Establishing a woodland winter feeding area | Living the Country Life

Establishing a woodland winter feeding area

Cattle stay warmer in a wooded area and won't need to consume as much feed
Photo courtesy of North Dakota State University

Radio interview source: Steve Higgins, Director of Animal Compliance, University of Kentucky


Listen to the radio mp3 or read below

Cattle maintain body temperature in winter by burning more calories, which means they have to consume more feed. If there isn't a shelter available to keep them warm, livestock producers can feed their animals in wooded areas, which provide a buffer from cold temperatures and wind. This enables cattle to conserve energy and eat less.

Steve Higgins is the director of animal compliance at the University of Kentucky. He says while woodland feeding is a benefit to cattle, all those hooves create a lot of ground damage,  so choose your feeding location wisely.

"Anytime you get cattle in the woods, they're going to end up exposing the roots, and they're going to erode that soil away," says Higgins. "And when they get on the roots, they're basically going to kill the tree. So if the woods have any economic value, you want to fence them off. The other thing you want to do is, because it's a rolling landscape, you want to block off or divert any kind of water heading toward those ditches where that would carry away any kind of nutrients, and pathogens, and sediment."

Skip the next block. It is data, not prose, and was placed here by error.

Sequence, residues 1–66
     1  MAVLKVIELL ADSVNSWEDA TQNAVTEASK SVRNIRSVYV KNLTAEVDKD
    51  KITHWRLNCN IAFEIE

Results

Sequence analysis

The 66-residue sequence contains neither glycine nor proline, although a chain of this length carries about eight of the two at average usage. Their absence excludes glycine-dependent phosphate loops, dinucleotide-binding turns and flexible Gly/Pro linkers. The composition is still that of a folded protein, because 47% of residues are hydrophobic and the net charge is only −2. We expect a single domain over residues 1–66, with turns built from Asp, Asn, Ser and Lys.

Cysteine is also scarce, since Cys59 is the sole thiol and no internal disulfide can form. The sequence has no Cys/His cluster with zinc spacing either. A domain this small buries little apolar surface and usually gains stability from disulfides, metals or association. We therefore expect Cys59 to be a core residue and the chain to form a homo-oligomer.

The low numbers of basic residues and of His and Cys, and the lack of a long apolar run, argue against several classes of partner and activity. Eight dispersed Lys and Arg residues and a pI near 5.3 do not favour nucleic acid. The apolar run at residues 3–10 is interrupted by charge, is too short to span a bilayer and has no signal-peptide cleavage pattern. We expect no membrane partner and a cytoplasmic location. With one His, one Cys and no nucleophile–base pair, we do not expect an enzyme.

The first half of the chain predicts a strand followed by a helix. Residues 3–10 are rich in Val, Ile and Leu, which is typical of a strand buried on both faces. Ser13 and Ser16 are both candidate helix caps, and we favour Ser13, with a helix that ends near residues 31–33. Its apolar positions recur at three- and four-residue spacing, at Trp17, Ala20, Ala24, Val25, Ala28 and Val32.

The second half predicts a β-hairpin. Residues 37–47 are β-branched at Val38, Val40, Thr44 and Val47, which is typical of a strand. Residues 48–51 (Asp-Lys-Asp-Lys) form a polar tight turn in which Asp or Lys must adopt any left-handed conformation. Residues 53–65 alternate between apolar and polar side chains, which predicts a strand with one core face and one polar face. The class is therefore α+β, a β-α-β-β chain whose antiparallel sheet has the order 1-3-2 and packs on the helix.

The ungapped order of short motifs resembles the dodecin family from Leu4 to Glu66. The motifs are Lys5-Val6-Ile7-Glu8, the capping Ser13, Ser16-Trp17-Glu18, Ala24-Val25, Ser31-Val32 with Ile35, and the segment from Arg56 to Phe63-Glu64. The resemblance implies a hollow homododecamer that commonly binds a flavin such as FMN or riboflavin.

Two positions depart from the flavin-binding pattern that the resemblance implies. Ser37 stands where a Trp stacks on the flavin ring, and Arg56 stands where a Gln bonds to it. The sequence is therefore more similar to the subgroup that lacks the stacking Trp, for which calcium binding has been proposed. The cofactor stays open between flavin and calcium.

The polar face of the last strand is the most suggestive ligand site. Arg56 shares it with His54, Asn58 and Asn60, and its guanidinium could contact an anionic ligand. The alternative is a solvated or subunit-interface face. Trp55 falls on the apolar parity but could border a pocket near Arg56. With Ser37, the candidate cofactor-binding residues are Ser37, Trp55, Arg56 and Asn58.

The fenced-off area should be fairly small, but varies according to the size of your herd. You should allow 300- to 800-sq. ft. per animal.

Higgins recommends scraping off the top layer of soil. Top soil has no strength to it as far as supporting the weight of the animal, especially when the soil becomes wet and muddy.

"Replace that scraped off area with basically what we call geotextile fabric, or cattle carpet is another word for it," says Higgins. "Usually the non-woven fabric type which has got enough strength to it that would support these animals. Then you overlay that with somewhere between 6-8" of what we call dense-grade aggregate rock. That provides a surface those animals can stand on that'll support their weight, and also it's an area where mud's not going to be created."

Ask a local forester to help you find a suitable location.

Learn about reducing winter cattle feed costs

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